How Well Do You Know Your Host Nation?

by Rachel Pieh Jones on January 14, 2021

I’m a bit out of words lately. I’m in seminary full-time. Covid. Elections. Wars. Planes crashing. Racial tension. Political violence. Conspiracy theories.

It’s a lot.

I have way more questions than answers. Some of my questions are around the gaps in the training I received before moving abroad and in the ongoing trainings and mentorships I have access to. By not addressing these gaps, we risk perpetuating problems as expatriates continue to export our culture and values without fully engaging in our new contexts.

I’m going to share some of the questions I am asking myself. I hope you will take some time to think about them.

Do you know the history of your host country from the perspective of its citizens?

            Ancient history, precolonial history, colonial history, and post-colonial history?

            National heroes? Legends, myths, folktales?

            Religious history, from multiple perspectives?

            Racial, class, gender history?

When did women gain the right to vote? How many women serve in leadership? How are they perceived?

Did your country have slavery? Were the people enslaved by others?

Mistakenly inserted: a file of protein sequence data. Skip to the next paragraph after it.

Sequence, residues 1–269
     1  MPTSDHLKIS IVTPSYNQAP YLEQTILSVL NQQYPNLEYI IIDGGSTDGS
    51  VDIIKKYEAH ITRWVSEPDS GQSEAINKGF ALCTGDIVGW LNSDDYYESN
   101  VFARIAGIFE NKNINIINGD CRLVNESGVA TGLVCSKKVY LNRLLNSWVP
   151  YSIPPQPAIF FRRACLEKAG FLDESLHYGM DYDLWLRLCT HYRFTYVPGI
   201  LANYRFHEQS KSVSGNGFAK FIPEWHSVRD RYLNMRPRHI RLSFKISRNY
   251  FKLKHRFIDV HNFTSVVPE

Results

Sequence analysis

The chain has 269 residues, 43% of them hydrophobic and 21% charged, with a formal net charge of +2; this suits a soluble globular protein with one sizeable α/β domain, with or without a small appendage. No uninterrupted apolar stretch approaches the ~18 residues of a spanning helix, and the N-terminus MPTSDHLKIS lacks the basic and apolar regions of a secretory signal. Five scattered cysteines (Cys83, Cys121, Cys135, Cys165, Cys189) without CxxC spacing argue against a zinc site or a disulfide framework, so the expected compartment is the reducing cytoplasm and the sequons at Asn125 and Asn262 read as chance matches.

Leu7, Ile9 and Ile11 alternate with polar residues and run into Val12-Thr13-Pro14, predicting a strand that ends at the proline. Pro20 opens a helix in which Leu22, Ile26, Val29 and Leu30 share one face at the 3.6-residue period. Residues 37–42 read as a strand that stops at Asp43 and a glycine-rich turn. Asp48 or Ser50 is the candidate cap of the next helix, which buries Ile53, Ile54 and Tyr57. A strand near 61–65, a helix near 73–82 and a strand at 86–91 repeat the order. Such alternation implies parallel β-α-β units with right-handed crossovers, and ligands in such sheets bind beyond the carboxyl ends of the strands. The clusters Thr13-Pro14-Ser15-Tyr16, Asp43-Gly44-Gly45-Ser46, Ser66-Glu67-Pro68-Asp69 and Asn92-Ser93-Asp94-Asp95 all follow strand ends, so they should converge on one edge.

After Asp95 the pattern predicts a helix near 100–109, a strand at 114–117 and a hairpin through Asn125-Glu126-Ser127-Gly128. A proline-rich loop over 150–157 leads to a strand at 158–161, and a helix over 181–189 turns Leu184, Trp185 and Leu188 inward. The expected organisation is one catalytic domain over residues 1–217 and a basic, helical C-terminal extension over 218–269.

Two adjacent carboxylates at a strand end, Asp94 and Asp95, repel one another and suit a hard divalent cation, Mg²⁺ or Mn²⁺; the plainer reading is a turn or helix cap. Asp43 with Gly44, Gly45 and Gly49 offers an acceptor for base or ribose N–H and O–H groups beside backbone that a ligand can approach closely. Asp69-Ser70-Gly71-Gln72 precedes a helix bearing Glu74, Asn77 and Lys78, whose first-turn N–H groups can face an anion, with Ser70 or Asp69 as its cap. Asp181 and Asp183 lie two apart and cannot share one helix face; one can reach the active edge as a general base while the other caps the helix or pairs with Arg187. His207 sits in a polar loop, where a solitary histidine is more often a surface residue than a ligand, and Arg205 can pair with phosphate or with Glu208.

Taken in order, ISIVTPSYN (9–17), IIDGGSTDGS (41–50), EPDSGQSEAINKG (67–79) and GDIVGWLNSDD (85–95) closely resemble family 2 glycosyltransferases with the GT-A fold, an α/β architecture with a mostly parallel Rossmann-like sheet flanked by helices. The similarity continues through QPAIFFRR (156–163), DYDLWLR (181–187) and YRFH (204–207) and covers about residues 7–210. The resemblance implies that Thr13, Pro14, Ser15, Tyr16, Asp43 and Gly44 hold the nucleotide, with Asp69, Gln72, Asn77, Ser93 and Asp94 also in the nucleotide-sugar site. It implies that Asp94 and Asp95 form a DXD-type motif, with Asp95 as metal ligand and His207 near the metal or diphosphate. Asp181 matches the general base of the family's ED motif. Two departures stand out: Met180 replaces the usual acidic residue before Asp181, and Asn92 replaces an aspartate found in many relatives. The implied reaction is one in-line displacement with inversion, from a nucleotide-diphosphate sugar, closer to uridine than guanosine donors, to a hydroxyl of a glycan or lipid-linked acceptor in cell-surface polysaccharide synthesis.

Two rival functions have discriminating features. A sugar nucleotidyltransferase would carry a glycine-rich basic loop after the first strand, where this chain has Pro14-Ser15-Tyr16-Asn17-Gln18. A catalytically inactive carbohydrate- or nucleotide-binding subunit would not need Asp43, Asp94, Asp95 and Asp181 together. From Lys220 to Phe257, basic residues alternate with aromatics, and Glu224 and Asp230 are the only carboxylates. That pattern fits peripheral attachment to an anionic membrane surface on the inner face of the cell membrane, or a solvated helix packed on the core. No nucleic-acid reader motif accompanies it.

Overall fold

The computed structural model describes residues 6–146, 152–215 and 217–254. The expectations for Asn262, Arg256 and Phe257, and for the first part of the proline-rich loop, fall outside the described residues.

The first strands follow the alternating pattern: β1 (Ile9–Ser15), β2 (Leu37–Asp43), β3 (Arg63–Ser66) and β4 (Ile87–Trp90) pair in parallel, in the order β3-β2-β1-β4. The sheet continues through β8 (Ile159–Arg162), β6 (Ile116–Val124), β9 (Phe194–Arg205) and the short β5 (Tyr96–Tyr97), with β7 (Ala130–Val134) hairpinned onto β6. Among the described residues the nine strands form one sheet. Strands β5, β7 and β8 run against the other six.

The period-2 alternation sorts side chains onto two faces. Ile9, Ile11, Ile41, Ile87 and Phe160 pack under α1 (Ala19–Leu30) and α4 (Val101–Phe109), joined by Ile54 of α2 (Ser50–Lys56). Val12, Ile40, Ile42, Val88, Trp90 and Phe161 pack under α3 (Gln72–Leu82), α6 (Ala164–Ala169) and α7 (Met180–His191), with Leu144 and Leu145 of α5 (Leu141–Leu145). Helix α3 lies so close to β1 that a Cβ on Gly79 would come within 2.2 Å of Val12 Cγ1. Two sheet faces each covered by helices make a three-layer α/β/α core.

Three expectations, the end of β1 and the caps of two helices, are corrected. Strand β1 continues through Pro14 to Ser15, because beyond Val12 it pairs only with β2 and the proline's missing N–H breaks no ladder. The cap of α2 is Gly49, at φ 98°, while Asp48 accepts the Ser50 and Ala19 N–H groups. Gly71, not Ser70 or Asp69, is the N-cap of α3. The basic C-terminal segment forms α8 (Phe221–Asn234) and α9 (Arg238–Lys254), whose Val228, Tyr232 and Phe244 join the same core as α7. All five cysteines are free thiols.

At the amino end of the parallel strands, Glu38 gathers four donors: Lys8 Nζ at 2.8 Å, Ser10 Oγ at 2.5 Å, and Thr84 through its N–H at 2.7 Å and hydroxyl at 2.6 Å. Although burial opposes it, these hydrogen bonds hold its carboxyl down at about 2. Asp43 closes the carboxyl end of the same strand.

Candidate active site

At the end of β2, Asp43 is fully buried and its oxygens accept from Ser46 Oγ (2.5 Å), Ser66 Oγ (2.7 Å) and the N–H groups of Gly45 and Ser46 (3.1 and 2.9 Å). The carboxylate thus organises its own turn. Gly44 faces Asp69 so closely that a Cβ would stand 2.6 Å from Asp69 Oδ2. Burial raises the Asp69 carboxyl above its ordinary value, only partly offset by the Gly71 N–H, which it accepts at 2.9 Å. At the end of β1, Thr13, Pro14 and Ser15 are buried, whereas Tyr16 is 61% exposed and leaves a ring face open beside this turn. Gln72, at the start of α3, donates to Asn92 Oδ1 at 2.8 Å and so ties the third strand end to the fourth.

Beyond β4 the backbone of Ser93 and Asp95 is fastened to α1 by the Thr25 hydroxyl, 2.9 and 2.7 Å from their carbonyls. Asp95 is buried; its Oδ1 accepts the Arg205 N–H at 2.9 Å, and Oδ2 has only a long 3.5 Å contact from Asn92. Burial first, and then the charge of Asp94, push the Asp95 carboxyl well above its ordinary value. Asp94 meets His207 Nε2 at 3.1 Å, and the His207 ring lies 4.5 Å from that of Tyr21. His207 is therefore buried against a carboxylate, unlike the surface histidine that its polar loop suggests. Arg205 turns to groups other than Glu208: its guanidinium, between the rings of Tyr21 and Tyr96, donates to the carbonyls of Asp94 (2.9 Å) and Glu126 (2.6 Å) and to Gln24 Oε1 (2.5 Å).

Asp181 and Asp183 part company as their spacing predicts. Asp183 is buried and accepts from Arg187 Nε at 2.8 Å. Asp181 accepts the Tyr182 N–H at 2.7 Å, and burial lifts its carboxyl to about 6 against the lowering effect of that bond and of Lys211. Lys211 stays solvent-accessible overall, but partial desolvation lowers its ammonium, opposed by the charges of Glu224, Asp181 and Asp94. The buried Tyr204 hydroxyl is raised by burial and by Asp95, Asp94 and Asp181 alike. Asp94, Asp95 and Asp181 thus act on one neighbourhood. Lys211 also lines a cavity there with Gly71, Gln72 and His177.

What have been recent and historic conflicts? What were they about? How were they resolved?

Do you know what role your passport nation has played in any of this history?

Did you learn this from Westerners writing about them or from them? Does this knowledge come tainted from an outsider’s viewpoint?

Do you read book written by authors from your host country? 

Do you listen to local music?

Do you read the local newspaper, listen to the radio, follow leaders on social media?

Do you know how people view people of your gender, race, ethnicity, class, stature? Do you know why?

Do you know what people who look like you have done here in the past? For better and for worse?

I meet far too many people who could care less about these things in the countries where they work and are supposedly “serving.” I don’t understand how a person hopes to “make a difference” if they don’t know how things are. What do they hope will be “different?” Unless they mean more like themselves.

Before leaving your passport nation there are some things you need to do, namely start learning about where you are going and commit to never, never stopping. Those of us who are already gone need to do this work. 

I now believe ongoing local cultural training must be required by all organizations who send people abroad. I don’t mean “culture” like food and clothing and language. I mean deep, heart level, historic, worldview forming topics. The possibilities are endless. 

What would you add?

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About Rachel Pieh Jones

Rachel writes about life at the crossroads of faith and culture. Her work is influenced by living as a foreigner in the Horn of Africa, raising three Third Culture Kids, and adventurous exploration of the natural world. She has been published in the New York Times, Runners World, the Big Roundtable, and more. Check out her latest book, Stronger than Death: https://amzn.to/2P3BWiK Get all her stories and updates in the Stories from the Horn newsletter http://www.djiboutijones.com/contact/

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